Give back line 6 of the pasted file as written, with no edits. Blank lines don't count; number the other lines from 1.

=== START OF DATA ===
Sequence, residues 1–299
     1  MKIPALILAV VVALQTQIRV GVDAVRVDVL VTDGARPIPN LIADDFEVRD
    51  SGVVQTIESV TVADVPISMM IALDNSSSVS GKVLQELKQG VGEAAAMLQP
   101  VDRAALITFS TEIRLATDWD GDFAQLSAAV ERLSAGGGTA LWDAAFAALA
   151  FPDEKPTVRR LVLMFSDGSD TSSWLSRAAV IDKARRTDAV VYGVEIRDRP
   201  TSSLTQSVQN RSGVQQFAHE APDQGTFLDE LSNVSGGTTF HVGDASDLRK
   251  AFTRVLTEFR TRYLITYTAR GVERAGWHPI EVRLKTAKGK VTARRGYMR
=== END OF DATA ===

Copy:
   201  TSSLTQSVQN RSGVQQFAHE APDQGTFLDE LSNVSGGTTF HVGDASDLRK